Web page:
This Day In London’s History
1991: A packed rush hour train carrying over one thousand commuters collides with the buffers at Cannon Street station.
At 8:44am on 8th January 1991, the 07:58 train from Sevenoaks failed to stop when pulling into Cannon Street station and hit the buffers at the central London terminus at about 5 miles per hour. Despite the relatively low speed, the impact caused the infrastructure of some of the carriages to disintegrate, resulting in several hundred casualties (including two fatalities).
Despite early speculation that the train’s braking system had been faulty, the official report into the crash concluded that the brakes were working correctly, but that the driver had “failed to brake properly”. It also emerged that the driver, 25 year-old Maurice Graham, had traces of cannabis in his blood when tested three days after the crash, but there was not sufficient evidence to suggest that this had been a factor in the accident.
However although ‘driver error’ was determined as the cause of the collision, this did not explain the catastrophic damage to the carriages (and subsequent casualty-count) from such a low-speed collision. Ultimately this was attributed to the age and poor design of the antiquated rolling stock, with the most severely damaged carriages having been built upon chassis from the 1930s and the old-style ‘slam doors’ introducing additional weaknesses into the structure.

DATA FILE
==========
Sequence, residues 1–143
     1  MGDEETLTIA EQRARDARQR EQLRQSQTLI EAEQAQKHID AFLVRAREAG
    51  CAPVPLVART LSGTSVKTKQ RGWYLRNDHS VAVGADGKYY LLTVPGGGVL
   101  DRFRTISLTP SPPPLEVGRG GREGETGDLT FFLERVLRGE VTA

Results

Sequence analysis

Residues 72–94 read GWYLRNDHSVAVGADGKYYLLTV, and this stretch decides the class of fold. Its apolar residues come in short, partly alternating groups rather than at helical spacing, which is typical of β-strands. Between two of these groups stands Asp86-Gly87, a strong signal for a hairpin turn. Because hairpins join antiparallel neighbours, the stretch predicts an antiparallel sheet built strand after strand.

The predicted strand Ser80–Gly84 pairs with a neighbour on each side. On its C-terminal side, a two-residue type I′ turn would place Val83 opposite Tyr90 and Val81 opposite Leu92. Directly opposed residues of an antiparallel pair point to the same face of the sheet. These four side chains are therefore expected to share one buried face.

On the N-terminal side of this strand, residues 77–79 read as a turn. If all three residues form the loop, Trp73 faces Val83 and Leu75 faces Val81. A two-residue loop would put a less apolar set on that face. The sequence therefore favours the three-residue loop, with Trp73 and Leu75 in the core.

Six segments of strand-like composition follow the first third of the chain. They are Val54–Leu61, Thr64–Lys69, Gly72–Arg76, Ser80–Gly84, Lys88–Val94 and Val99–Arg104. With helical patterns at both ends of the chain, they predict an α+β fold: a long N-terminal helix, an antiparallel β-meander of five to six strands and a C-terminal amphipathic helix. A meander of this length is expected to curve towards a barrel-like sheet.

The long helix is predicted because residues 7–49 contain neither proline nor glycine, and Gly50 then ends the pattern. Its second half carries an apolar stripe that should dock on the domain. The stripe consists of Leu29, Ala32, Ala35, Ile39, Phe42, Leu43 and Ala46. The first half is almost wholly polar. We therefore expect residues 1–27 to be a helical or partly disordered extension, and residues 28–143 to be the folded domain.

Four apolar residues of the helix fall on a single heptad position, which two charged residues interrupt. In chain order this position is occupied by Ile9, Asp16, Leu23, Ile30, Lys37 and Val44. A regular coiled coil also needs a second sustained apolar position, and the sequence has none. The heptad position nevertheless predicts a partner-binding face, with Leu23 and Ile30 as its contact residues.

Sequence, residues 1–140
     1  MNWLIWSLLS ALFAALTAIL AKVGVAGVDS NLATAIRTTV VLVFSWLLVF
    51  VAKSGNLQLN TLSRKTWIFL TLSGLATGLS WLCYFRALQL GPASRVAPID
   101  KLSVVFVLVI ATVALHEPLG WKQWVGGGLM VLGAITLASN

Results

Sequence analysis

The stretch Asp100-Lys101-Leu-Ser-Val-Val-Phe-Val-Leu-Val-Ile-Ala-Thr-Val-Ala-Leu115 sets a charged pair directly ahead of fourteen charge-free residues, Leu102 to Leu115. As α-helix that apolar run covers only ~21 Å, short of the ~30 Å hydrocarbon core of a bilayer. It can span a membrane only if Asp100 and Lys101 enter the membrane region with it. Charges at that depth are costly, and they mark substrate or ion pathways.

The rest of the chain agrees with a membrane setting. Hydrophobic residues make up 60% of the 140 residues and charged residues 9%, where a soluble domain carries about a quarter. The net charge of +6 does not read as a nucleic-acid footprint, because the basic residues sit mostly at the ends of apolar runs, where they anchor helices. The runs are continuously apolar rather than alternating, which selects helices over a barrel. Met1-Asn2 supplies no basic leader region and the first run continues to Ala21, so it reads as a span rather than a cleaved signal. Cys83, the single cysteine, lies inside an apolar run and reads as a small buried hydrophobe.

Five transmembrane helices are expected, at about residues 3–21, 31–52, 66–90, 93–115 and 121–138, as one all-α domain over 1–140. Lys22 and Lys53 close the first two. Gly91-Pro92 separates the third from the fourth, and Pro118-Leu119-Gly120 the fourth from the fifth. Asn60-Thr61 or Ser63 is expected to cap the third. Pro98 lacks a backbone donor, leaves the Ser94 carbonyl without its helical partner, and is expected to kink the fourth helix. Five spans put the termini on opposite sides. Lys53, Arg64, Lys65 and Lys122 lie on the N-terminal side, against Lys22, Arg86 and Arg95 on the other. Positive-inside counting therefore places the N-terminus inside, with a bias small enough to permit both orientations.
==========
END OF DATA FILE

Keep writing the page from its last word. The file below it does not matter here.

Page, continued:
The original Cannon Street station building was covered with a huge ornate glass roof, which was removed to the countryside at the start of the Second World War to avoid damage. The location that it was moved to was subsequently bombed, destroying the glass roof completely.
Londoner Of The Week
Owner of what must be by far the longest nose of any Londoner Of The Week so far, Maggie May must be relieved to be home. We sincerely hope that her unexpected visit to the dognappers has not left her too traumatised.
One Thing You Must Do In London This Week
We visited the David Hockney exhibition at the National Portrait Gallery yesterday and were very impressed by the substantial collection of works on display – over 150 portraits spanning Hockney’s entire career, more-or-less justifying the £9 admission fee (in our opinion). It’s only on for a couple more weeks (until the 21st), so if you’re interested in that sort of thing you should book your tickets smartish.
‘Fake model’ picture of Cannon Street station taken from Stephen Fulljames’s Flickr photostream under the Creative Commons Attribution-NonCommercial 2.0 licence.